pseudonym when asserting a claim based on sexual abuse or assault, especially where the plaintiff
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OPINION AND ORDER
was a minor when the assault allegedly occurred. See Jordan v. Gardner, 986 F.2d 1521, 1525 (9th
Cir. 1993) ("In keeping with the tradition of not revealing names of the victims of sexual assault, we
use initials here to protect the privacy of the [plaintiffs]."). Such cases fall into the second category
of cases identified inAdvanced Textile: "when anonymity is necessary to preserve privacy in amatter
of sensitive and highly personal nature." Adv. Textile Corp., 214 F.3d at 1068. For example, a court
allowed an adult plaintiff to proceed using her initials when asserting claims arising from sexual
assault that occurred when she was a minor. R.P. v. Seattle Sch. Dist., No. Cl3-2218-MJP, 2014 WL
639408, at *1-2 (W.D. Wash. Feb. 18, 2014). The R.P. court held that "clear public policy
considerations" favor allowing victims of sexual assault to remain anonymous, both "to protect the
privacy of ... rape victims" and "protect the identities of sexual assault victims so that other
victims will not be deterred from reporting such crimes." Id at * 1-2 (citations omitted).
The cases Rockett cites in support ofrequiring N.S. to use her full name are not persuasive.
Generally, Rockett relies on cases from other circuits that have required plaintiffs who allege sexual
assault or abuse to proceed under their full names because they chose to file a lawsuit. See, e.g., Doe
v. Shakur, 164 F.R.D. 359, 361 (S.D.N.Y.1996). The cases Rockett cites are inconsistentwithNinth
Circuit precedent because they do not consider the public-policy and privacy concerns favoring
anonymity of victims of sexual assault. Cf R.P., 2014 WL 639408, at *1-2. Upon consideration
of the appropriate public-policy and privacy concerns, the district courts of this circuit uniformly
allow plaintiffs alleging sexual assault to proceed under pseudonyms. A. T. v. Everett Sch. Dist., No.
C16-1536-JLR, 2017 WL 784673, at *1 n.3 (W.D. Wash. Feb. 28, 2017) (allowing an adult plaintiff
alleging sexual assault to proceed using initials); JJ v. Olympia Sch. Dist., Case No. C16-5060BHS, 2016 WL 3597784, at *2 (W.D. Wash. July 5, 2016) (allowing an adult plaintiff alleging
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OPINION AND ORDER
sexual assault as a minor to use initials); Doe v. W. Am. Province ofthe Capuchin Franciscan Friars,
No. 2:14-cv-01428-HZ, 2015 WL 8770017, at *1 n.1 (D. Or. Dec. 13, 2015) (same); Doe v. Penzato,
No. CVl0-5154-MEJ, 2011WL1833007, at *3-5 (N.D. Cal. May 13, 2011) (allowing an adult
plaintiff alleging sexual assault to proceed using initials).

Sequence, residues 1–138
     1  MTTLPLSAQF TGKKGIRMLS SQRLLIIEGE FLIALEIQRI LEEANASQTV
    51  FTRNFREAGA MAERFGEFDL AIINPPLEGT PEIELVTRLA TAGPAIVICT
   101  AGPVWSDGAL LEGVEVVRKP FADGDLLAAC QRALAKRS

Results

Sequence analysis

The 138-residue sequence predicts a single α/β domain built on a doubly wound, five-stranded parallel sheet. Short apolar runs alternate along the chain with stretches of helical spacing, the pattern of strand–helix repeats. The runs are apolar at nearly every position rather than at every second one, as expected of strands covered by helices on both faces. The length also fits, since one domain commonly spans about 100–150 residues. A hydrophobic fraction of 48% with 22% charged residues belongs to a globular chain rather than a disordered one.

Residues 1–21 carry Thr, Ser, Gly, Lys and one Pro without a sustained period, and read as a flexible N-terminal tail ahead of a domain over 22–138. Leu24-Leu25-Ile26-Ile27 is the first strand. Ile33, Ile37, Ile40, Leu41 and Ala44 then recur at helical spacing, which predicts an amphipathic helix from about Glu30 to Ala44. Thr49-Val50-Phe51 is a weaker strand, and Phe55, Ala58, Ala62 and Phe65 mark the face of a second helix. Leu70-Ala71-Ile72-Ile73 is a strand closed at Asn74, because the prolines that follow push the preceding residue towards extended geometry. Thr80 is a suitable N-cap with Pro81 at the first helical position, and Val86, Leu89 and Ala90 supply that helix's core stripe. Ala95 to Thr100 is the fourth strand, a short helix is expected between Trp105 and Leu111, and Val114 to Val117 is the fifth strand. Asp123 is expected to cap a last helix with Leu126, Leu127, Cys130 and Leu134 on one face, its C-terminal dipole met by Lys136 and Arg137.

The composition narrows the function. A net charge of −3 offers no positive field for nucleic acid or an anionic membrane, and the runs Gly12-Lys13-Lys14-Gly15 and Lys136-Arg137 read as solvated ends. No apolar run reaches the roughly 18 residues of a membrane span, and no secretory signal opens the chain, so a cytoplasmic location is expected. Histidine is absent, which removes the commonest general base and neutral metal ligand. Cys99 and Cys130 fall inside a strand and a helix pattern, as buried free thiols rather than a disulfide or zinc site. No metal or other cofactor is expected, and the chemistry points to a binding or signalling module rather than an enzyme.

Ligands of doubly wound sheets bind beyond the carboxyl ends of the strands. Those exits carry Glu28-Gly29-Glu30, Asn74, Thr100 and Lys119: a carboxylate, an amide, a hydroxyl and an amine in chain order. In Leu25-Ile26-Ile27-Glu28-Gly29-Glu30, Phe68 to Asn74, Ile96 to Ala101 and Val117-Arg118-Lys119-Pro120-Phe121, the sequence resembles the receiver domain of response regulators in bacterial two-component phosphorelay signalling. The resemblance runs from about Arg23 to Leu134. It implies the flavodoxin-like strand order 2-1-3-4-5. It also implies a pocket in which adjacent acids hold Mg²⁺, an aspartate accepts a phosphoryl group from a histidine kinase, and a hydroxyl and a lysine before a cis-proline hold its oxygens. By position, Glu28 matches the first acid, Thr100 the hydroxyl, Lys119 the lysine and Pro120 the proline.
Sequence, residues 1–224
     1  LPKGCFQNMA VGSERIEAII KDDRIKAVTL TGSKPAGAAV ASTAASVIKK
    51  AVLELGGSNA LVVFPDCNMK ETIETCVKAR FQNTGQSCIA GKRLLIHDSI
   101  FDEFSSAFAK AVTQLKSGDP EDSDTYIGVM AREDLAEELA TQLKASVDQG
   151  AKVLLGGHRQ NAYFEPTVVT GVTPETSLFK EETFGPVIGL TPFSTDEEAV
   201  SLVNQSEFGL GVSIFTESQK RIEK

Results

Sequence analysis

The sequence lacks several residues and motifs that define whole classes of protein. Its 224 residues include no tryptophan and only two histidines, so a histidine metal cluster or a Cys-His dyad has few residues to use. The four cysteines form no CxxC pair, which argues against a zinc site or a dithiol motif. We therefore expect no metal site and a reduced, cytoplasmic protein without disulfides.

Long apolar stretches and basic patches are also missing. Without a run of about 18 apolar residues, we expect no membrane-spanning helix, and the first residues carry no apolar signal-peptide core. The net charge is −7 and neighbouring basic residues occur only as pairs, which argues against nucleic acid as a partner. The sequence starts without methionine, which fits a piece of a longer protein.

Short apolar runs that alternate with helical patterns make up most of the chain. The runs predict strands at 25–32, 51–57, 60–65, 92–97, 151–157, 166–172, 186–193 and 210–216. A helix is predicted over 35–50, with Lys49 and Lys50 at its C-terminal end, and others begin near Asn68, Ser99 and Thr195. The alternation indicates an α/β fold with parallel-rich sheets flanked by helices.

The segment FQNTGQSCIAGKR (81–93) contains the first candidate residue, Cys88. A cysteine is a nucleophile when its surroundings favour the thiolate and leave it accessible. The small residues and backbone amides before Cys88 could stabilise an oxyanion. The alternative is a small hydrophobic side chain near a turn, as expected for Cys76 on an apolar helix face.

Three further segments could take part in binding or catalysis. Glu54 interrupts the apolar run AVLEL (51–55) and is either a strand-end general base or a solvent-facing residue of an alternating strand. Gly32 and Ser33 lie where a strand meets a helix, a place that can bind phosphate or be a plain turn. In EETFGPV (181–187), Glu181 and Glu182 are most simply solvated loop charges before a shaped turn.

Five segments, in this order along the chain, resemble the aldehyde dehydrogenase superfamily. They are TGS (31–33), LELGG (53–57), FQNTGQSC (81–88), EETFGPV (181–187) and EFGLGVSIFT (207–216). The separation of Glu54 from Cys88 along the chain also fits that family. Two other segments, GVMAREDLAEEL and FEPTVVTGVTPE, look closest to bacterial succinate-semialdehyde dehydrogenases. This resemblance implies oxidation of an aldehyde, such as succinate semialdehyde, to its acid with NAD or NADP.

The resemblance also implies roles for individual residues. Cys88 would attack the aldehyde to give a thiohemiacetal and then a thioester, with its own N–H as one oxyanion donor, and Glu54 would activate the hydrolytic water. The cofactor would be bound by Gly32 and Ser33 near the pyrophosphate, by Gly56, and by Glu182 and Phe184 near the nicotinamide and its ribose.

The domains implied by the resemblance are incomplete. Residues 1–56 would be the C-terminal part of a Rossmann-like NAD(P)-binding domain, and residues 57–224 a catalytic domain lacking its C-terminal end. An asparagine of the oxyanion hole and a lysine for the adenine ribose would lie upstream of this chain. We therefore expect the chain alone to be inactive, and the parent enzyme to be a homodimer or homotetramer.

Rockett also fails to identify any prejudice he would suffer from N.S.'s use of her initials.
Rockett does not contend he is unaware ofN.S.'s true identity. Instead, Rockett's motion and the
circumstances of the case strongly evidence that Rockett knows the identity of N.S. In her
complaint, N.S. identifies herself as the victim of specific criminal offenses of which Rockett was
6-9.) Rockett represents that N.S. testified in his state and federal criminal
17.) He also implies knowledge ofN.S.'s birthdate. Id In totality, the court
concludes Rockett is aware ofN.S.'s identity. He does not identify any other prejudice to him due
to N.S. 's use of a pseudonym. Accordingly, the court should require the parties to refer to N.S. only
by her initials in all public filings, even after she is no longer a minor.
In sum, the court concludes Rule 5.2(a) requires N .S. be allowed to proceed under her initials
because she was a minor when this lawsuit commenced. Moreover, the highly sensitive nature of
N.S.'s allegations, public-policy and privacy concerns favoring anonymity for victims of sexual
assault and abuse, and lack of prejudice to Rockett would merit allowing N.S. to proceed under her
initials even if she were not a minor when the case began. The court thus denies Rockett' s motion
to compel N.S. to use her full name. The court also orders N.S. be allowed to proceed under her
initials during the pendency of this lawsuit, and bars any reference by either party to N.S. 's full name
in any publically filed documents.
II II I
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OPINION AND ORDER
II. Motion to Stay.
Rockett also moves to stay this lawsuit until resolution of his state and federal criminal
appeals. Courts have discretion to stay a civil lawsuit because of related criminal proceedings.
Molinaro, 889 F.3d at 902. Where the related criminal proceeding is an appeal challenging a
criminal conviction, a stay is generally inappropriate. Doe v. City ofSan Diego, No. 12-CV-689MMA-DHB, 2012 WL 6115663, at *2 (S.D. Cal. Dec. 10, 2012) (citing Milton Pollack, Parallel
Civil and Criminal Proceedings, 129 F.R.D. 201, 204 (1989)).
The court first considers the extent to which this lawsuit implicates Rockett's Fifth